The model of American capitalism where the affluent monopolise most of the economic gains, is not one to be admired and several prominent American economists have published research on this trend

    Irish farmers gain from Europe’s biggest protectionist program while the cuts in industrial tariffs have boosted trade and incomes enormously, while it’s mainly developing countries who charge tariffs on each others’ manufacturing exports.

    Contrary to the mindset of those who view the word ‘multinational’ as synonymous with the infamous United Fruit Company, US MNCs have mainly been a force for good (both in economic terms and in the way workers are treated) in the world as tariffs fell, even though as John Kenneth Galbraith argues in his 1967 book, ‘The New Industrial State’ that the United States was no longer a free-enterprise society but a structured state controlled by the largest companies.

    In the same year, Jean Jacques Servan Schreiber in Le Défi américain (The American Challenge), wrote that: “What threatens us is not a torrent of riches. The war is being fought against us not with dollars, oil, tons of steel or even modern machines, but with creative imagination and a talent for organization.

    “What America has done is to change the entire concept of culture, the values of civilization. The new American culture is not Chartres or Versailles, but the organization of talent. The Americans organize intelligence so that it creates. They have an industrial and scientific strategy. That’s real culture.”

    There is no perfect world but sustained high growth in developing economies is a recent post-World War II phenomenon and there are common reasons for it.

  32. @ Michael.

    Good morning.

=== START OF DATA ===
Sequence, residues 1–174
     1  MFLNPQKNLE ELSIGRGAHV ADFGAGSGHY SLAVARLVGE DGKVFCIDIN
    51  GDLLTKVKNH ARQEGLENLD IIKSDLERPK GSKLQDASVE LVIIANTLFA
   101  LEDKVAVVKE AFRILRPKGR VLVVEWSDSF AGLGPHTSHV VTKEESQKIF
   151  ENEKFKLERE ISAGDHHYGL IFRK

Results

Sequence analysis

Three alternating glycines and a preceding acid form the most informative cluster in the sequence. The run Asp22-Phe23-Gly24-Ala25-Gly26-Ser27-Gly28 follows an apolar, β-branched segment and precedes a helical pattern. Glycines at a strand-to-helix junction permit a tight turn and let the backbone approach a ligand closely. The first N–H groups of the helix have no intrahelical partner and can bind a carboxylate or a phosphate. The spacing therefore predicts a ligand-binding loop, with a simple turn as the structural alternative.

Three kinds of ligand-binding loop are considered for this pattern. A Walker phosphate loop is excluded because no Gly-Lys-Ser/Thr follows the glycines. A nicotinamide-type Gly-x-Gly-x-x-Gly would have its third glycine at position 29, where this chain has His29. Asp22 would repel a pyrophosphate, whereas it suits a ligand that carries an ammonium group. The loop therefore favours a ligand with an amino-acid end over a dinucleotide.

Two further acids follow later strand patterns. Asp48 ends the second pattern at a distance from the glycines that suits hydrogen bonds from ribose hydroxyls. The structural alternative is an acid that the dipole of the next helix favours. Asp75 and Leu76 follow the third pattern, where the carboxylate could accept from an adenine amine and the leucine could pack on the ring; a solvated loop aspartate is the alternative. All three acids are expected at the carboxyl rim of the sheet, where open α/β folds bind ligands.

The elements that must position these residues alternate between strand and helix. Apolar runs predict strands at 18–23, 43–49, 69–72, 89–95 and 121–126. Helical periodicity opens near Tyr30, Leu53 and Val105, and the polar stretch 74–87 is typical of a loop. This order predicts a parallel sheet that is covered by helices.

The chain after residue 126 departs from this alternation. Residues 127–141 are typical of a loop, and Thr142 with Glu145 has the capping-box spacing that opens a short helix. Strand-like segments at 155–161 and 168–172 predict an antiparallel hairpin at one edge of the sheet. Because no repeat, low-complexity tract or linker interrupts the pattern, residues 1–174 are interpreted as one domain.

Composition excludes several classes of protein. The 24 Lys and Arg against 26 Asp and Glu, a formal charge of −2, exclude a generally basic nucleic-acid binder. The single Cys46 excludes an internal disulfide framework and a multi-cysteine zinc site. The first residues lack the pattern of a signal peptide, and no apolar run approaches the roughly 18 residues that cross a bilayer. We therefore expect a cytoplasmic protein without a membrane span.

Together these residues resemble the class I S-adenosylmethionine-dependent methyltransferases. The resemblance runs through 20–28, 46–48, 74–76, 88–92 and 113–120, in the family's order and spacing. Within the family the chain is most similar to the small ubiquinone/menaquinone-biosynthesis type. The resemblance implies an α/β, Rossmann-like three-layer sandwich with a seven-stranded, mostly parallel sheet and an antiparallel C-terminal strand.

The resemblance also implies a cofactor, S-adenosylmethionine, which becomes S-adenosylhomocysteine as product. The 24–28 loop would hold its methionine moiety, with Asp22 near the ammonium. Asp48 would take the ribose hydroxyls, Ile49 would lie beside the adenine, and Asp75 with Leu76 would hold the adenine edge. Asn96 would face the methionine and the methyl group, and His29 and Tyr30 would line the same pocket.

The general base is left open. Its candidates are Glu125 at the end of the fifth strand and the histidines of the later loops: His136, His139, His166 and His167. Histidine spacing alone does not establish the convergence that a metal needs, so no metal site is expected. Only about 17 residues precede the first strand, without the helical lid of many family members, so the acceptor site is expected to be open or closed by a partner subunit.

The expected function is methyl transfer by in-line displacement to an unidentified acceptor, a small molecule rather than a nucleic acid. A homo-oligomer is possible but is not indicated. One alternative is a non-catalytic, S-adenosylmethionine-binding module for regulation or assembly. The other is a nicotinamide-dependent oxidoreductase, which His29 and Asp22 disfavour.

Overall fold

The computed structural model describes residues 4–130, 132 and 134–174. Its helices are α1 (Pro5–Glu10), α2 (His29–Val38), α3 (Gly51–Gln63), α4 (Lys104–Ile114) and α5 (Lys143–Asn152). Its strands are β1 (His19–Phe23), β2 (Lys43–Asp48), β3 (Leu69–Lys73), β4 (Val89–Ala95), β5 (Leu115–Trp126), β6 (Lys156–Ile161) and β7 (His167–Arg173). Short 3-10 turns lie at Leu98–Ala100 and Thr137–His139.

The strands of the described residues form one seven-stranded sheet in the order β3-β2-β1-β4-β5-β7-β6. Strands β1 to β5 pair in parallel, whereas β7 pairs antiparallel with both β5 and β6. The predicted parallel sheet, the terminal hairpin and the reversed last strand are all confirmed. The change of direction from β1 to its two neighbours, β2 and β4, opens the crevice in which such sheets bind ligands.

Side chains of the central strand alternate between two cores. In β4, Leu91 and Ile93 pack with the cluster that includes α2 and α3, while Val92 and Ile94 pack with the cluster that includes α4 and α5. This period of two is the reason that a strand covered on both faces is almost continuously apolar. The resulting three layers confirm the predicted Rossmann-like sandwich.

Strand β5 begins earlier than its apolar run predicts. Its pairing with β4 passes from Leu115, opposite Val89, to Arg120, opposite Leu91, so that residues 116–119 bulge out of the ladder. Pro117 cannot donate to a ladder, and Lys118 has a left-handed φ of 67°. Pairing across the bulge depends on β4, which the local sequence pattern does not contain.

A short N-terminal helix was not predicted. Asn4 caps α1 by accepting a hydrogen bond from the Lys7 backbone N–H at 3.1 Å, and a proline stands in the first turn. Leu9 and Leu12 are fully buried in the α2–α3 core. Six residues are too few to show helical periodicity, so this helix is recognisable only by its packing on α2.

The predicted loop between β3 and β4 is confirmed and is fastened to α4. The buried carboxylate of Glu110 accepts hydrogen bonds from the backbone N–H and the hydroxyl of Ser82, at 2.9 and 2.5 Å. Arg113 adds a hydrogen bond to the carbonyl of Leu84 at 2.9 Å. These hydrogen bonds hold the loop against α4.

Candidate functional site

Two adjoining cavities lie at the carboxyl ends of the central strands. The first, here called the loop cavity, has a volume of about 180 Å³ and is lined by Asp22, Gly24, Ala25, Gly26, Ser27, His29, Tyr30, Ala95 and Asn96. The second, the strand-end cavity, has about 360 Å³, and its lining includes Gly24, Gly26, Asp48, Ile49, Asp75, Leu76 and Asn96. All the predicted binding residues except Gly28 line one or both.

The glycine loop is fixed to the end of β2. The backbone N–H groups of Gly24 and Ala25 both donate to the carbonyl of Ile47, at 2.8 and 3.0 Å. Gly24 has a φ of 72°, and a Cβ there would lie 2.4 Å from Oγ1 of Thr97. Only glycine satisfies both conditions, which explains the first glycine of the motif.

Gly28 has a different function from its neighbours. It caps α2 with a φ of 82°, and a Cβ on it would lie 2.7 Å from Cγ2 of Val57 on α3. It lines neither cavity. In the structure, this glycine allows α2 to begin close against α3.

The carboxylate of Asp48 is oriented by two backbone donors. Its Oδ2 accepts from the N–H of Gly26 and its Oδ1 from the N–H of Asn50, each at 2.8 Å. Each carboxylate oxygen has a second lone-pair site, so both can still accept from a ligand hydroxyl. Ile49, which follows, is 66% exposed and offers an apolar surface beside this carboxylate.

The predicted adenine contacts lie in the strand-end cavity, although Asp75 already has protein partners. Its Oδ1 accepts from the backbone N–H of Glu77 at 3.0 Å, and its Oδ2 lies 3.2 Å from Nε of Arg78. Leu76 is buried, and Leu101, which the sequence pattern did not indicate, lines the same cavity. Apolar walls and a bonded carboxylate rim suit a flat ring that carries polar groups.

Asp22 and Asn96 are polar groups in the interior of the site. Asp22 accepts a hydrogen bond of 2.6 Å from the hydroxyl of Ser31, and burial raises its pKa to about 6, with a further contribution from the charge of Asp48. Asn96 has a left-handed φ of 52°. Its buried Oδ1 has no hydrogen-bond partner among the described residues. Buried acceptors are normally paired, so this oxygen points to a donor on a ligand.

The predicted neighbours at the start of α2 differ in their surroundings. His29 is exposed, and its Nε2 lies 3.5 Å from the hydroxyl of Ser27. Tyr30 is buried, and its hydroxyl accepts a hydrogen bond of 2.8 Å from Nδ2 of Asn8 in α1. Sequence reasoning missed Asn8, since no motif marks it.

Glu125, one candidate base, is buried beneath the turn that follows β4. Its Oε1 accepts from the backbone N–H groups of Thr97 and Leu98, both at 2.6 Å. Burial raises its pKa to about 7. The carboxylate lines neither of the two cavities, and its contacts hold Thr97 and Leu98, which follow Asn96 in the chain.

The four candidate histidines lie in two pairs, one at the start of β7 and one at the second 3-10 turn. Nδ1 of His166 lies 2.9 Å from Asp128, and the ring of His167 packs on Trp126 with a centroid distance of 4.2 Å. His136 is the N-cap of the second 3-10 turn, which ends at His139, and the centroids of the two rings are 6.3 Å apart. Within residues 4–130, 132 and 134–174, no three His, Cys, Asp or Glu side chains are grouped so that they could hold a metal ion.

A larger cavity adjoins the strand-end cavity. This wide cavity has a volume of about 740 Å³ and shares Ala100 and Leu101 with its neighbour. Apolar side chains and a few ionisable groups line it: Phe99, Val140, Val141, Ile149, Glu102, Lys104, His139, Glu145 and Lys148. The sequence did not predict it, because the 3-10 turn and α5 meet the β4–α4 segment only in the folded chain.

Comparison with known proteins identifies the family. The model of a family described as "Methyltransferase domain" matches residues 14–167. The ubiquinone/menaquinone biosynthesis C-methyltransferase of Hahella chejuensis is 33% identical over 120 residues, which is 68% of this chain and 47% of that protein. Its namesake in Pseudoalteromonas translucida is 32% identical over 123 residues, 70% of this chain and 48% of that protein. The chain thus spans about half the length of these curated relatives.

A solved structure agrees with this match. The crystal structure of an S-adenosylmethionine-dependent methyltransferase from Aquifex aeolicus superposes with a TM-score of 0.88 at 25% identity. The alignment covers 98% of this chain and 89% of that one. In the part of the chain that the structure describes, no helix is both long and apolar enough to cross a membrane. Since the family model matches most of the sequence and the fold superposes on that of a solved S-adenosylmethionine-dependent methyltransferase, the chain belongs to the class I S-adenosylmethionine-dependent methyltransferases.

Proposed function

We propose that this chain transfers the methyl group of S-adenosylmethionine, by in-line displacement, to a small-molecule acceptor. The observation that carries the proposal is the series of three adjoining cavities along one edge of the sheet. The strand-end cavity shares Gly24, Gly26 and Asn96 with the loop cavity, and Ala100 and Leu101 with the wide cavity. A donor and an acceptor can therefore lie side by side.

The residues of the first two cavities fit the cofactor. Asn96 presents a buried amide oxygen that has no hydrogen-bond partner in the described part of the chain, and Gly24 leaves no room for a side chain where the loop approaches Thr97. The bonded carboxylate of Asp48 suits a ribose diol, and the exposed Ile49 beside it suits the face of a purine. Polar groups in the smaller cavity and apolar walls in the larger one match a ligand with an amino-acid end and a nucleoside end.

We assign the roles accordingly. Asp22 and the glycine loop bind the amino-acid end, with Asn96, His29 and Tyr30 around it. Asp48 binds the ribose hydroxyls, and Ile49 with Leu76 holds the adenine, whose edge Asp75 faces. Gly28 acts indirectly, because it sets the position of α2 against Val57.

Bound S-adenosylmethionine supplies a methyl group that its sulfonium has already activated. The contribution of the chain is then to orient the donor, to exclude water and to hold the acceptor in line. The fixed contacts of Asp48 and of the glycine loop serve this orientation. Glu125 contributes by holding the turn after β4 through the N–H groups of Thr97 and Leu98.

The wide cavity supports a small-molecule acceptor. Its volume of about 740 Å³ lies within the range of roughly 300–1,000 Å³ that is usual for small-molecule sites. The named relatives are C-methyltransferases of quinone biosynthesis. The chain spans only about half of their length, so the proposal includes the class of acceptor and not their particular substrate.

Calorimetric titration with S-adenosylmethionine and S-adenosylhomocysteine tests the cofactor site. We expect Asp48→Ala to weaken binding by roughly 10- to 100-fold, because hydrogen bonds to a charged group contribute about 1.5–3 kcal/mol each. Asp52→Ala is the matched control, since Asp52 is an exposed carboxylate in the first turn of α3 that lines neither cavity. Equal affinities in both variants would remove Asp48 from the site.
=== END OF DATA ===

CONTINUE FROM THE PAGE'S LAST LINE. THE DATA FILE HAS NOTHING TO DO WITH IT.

“There can be no perfectly human operated system.” I remember the thrill of Kurt Godel doing even for maths, the last great Platonic hold-out.

    As a matter of interest, do you think this in a similar line to “Out of the crooked timber of humanity no straight thing was ever made.”, or more from the world not being amenable to perfect systems?

    Hmm, now I look carefully at your comment I may have taken you the wrong way.

    Do you mean:
    (a) No perfect systems suit humans. or:
    (b) Humans cannot make perfect systems?

    Or some other version?

  33. @ Michael H

    I suppose one of the things which distinguished the US from older nations is the extent to which business considerations have undermined most other forms of authority. This tendency was, of course, sometimes for the better, but overall it went too far. As the Mexican writer Octavio Paz put it, the US is a battleground between democracy and plutocracy.

    Other People’s Money is a 1914 classic by Louis Brandeis, subsequently a Supreme Court judge. The Pujo Committe established that corrupt and unlawful activities were the norm among the nations most respected bankers. They did it, and still do it, because they get away with it.

    The necessary reforms have been subverted on many occasions, with the unfortunate result that the US has lost most of its moral standing worldwide. I believe most thoughtful Americans recognise that. It’s a pity, because there is as you say, enormous talent and creativity there.

    The reasons for high growth post WW2 could be debated at length, but we are a long way off thread.

  34. @ Gavin Kostick

    Gavin,

    I would say humans cannot make perfect systems.

    Finding the right balance between self and common interest is difficult and the individual pursuing his self interest can be sometimes positive, while the individual that perceives his/her action motivated by common interest, can be a danger to the public good.

    Adam Smith criticised regulation in his day which favored employers in keeping wages down and he noted that: “In civilized society he [man] stands at all times in need of the cooperation and assistance of great multitudes, while his whole life is scarce sufficient to gain the friendship of a few persons.

    http://www.finfacts.ie/irishfinancenews/article_10004429.shtml

    @ All

    On trade…

    The Commission on Growth and Development under the chairmanship of Nobel laureate, Michael Spence, reported that since 1950, 13 economies (Botswana; Brazil; China; Hong Kong; Indonesia; Japan; Korea, Malaysia; Malta; Oman; Singapore; Taiwan; and Thailand) have grown at an average rate of 7% a year or more for 25 years or longer. At that pace of expansion, an economy almost doubles in size every decade.

    Growth of 7% a year, sustained over 25 years, was unheard of before the latter half of the 20th century. It is possible only because the world economy is now more open and integrated.

  35. @all

    The other Karl has noted a mention or two on this blog at times …

    http://www.irisheconomy.ie/index.php/2009/09/07/lucey-the-immorality-and-unfairness-of-nama/#comment-15015